CHURCH & STATE | The Kavanaugh Nomination: How Screwed Are We?
The late Chief Justice William H. Rehnquist was no fan of the separation of church and state.
In 1985, when the Supreme Court handed down a decision in a school prayer case called Wallace v. Jaffree, Rehnquist, then an associate justice, decided to cut loose.
“The ‘wall of separation between church and state’ is a metaphor based on bad history, a metaphor which has proved useless as a guide to judging,” Rehnquist wrote in his dissent. “It should be frankly and explicitly abandoned.”
Shocking words indeed. But that was a long time ago. Rehnquist died in 2005. It’s no big deal, right?
Wrong. People’s ideas can live on long beyond their deaths, and Rehnquist’s certainly have. In 1985 his crabbed interpretation of separation of church and state—which essentially seeks to nullify the views of Roger Williams, Thomas Jefferson, and James Madison—was considered to be outside the mainstream, but it inspired a flock of far-right attorneys and judges. And now one of them, Brett Kavanaugh, has been appointed by President Donald Trump to take Anthony M. Kennedy’s seat on the Supreme Court.
Kavanaugh, currently a judge on the US Court of Appeals for the DC Circuit, idolizes Rehnquist and looks to him as a model for how a judge ought to rule. He made this clear during a 2017 speech delivered to the American Enterprise Institute. During that talk, Kavanaugh expressed great admiration for Rehnquist’s church-state views, praising him for “changing the jurisprudence and convincing the court that the wall metaphor was wrong as a matter of law and history.”
On the major church-state issues of the day—the role of religion in public schools, taxpayer aid to religious institutions, and the definition of “religious freedom” to name just three—Kavanaugh has consistently been on the wrong side.
While serving as an attorney in private practice, Kavanaugh wrote a legal brief on behalf of two far-right members of Congress in a 2000 case dealing with school-sponsored prayers before high school football games.
The prayers were clearly coercive. Blared over a loudspeaker, they forced all students to take part in a religious exercise whether they wanted to or not. The Supreme Court recognized this and invalidated the practice. But to Kavanaugh, these prayers should have been permitted on the grounds of tradition.
This is one of the key differences between Kennedy and Kavanaugh: Kennedy understood the dangerous effect religious coercion could have on youngsters attending public schools. Kavanaugh simply dismisses it.
Make no mistake, Kennedy was no hardline separationist. He saw no problem with taxpayer money flowing to sectarian institutions, such as voucher plans that largely benefit religious schools, and he voted to allow for-profit corporations such as Hobby Lobby to deny their employees access to birth control because of the owner’s religious beliefs. But despite his faults, Kennedy was a solid vote on religion-in-schools issues, and we’re losing him. More than sixty years of jurisprudence in this area could be up for reexamination.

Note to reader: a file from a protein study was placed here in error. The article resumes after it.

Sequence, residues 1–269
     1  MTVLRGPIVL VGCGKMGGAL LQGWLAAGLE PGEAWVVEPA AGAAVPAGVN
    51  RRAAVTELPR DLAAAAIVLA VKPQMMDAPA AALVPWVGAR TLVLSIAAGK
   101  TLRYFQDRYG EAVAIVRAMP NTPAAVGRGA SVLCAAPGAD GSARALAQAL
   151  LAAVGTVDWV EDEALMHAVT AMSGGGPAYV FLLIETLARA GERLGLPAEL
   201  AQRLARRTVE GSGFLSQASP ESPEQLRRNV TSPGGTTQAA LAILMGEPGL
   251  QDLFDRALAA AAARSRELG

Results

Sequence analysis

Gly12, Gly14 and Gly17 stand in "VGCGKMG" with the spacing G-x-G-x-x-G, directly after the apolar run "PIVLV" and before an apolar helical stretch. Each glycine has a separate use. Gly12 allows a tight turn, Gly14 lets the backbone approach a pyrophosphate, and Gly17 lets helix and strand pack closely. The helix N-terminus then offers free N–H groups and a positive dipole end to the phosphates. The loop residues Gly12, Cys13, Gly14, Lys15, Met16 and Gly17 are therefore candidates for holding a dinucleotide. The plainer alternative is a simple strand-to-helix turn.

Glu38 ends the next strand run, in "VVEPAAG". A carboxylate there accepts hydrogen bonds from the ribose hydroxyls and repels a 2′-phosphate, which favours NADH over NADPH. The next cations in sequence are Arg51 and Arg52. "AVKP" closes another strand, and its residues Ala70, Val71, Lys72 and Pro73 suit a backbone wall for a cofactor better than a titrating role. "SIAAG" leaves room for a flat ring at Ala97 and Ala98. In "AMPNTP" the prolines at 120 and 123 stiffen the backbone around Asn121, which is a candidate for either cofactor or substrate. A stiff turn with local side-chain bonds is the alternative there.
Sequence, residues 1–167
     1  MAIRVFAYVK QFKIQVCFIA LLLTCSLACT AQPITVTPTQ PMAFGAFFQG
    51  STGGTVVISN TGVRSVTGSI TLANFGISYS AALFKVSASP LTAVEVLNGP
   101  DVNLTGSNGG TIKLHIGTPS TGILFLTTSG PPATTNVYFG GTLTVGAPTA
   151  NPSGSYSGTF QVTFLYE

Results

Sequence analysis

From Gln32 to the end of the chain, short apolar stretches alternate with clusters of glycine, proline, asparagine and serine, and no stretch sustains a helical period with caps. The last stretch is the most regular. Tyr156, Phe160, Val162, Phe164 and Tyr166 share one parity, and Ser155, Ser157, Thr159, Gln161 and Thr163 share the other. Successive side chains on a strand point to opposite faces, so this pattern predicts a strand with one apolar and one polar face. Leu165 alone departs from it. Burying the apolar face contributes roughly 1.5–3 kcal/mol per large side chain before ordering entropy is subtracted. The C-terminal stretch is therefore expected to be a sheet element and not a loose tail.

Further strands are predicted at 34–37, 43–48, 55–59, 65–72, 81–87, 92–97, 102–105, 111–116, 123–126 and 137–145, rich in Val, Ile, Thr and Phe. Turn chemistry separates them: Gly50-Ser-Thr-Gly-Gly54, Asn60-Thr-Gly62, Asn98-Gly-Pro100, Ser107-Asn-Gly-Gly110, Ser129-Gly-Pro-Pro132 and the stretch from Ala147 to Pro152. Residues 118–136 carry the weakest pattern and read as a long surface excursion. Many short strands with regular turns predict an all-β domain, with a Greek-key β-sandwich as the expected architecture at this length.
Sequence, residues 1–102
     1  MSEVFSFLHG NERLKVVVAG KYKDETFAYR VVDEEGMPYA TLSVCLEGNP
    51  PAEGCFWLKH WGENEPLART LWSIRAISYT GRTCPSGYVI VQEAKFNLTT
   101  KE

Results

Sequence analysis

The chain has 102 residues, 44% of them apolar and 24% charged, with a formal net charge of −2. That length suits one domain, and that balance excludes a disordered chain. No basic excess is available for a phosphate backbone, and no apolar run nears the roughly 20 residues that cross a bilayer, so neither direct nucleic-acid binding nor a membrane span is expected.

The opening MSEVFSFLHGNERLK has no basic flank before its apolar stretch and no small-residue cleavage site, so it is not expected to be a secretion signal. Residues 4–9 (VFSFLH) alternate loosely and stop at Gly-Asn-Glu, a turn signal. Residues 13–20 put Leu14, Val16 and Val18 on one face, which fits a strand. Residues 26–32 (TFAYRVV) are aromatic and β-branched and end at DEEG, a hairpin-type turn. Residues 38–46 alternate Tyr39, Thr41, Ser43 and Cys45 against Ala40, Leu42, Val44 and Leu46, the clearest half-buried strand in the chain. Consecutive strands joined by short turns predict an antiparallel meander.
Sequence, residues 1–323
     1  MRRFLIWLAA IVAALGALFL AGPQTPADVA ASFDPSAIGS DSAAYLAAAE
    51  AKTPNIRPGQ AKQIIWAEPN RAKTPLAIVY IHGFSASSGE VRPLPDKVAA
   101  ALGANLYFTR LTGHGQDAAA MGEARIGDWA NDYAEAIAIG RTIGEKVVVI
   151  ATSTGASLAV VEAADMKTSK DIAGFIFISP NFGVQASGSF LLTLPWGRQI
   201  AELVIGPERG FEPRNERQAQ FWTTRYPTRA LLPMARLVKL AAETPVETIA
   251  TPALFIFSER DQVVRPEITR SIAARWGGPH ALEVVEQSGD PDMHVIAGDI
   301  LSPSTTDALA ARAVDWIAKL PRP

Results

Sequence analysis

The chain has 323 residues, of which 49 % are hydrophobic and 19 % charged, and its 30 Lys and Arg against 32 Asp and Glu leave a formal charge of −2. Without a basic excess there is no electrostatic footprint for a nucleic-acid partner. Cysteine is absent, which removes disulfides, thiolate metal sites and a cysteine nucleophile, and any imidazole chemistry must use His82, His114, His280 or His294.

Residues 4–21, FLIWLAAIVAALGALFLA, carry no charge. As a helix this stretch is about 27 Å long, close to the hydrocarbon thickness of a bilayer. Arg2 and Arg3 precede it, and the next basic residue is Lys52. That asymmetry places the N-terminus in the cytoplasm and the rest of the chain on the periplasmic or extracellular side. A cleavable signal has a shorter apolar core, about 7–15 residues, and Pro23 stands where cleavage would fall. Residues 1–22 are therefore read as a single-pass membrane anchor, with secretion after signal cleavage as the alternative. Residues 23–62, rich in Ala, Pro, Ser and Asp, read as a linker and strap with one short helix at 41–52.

A high court right-wing bloc that includes Kavanaugh could also begin undoing Kennedy’s legacy on LGBTQ rights. Guided by Kennedy, the Supreme Court struck down laws criminalizing consensual gay sex among adults, invalidated state laws that singled out LGBTQ people for discrimination, and upheld marriage equality.
All of that now stands in jeopardy, and change could come soon. During Kavanaugh’s confirmation hearings for a seat on the appeals court, he was asked about his agreement with Rehnquist on church-state and other issues. Kavanaugh hid behind a common ploy: he vowed to apply current court precedent, even if he didn’t agree with it. All well and good, but once on the Supreme Court, Kavanaugh won’t be following precedent—he’ll be creating it. (Please don’t make the mistake of assuming that a far-right court will respect precedent. The court, which is pretty conservative right now, has already been happily overturning old decisions.)
A high court attack on church-state separation comes at the worst possible time. The United States is changing. When it comes to religion, our nation is more diverse than ever, and growing numbers of people say they have no religion at all. Only separation of church and state ensures that we will all be able to live together in peace. If Kavanaugh is confirmed, that principle will hang in the balance at the high court.
Church-state separation keeps our public schools secular and focused on teaching, not preaching. It mandates that sectarian projects, such as private religious schools, be funded by the people who believe in them, not the taxpayer at large. The principle prevents religious groups from monopolizing government spaces with signs and symbols that some, but not all, accept.
Separation of church and state also means that no one can be forced to live under someone else’s theology. It means that no American can be harmed or see a loss of rights because of another’s faith.
We’ve seen too much erosion of this principle as it is. We can’t afford to endure even more assaults launched by judges like Kavanaugh. Indeed, our focus should be on rebuilding the wall and replacing bricks that have been removed.
Our nation will need separation of church and state more than ever in the years to come. There’s never a good time to undermine that principle, but this is certainly one of the worst. As 325 million people struggle to live side by side—people who practice a variety of religions and some who practice none—only the separation principle can protect the rights of all.
The alternative is a form of religious supremacy, a society where some people have more rights than others, by dint of their faith. That’s unacceptable. It’s a recipe for conflict, tension, and division. Yet, thanks to Trump’s desire to appease his religious right base, it’s where we may be headed.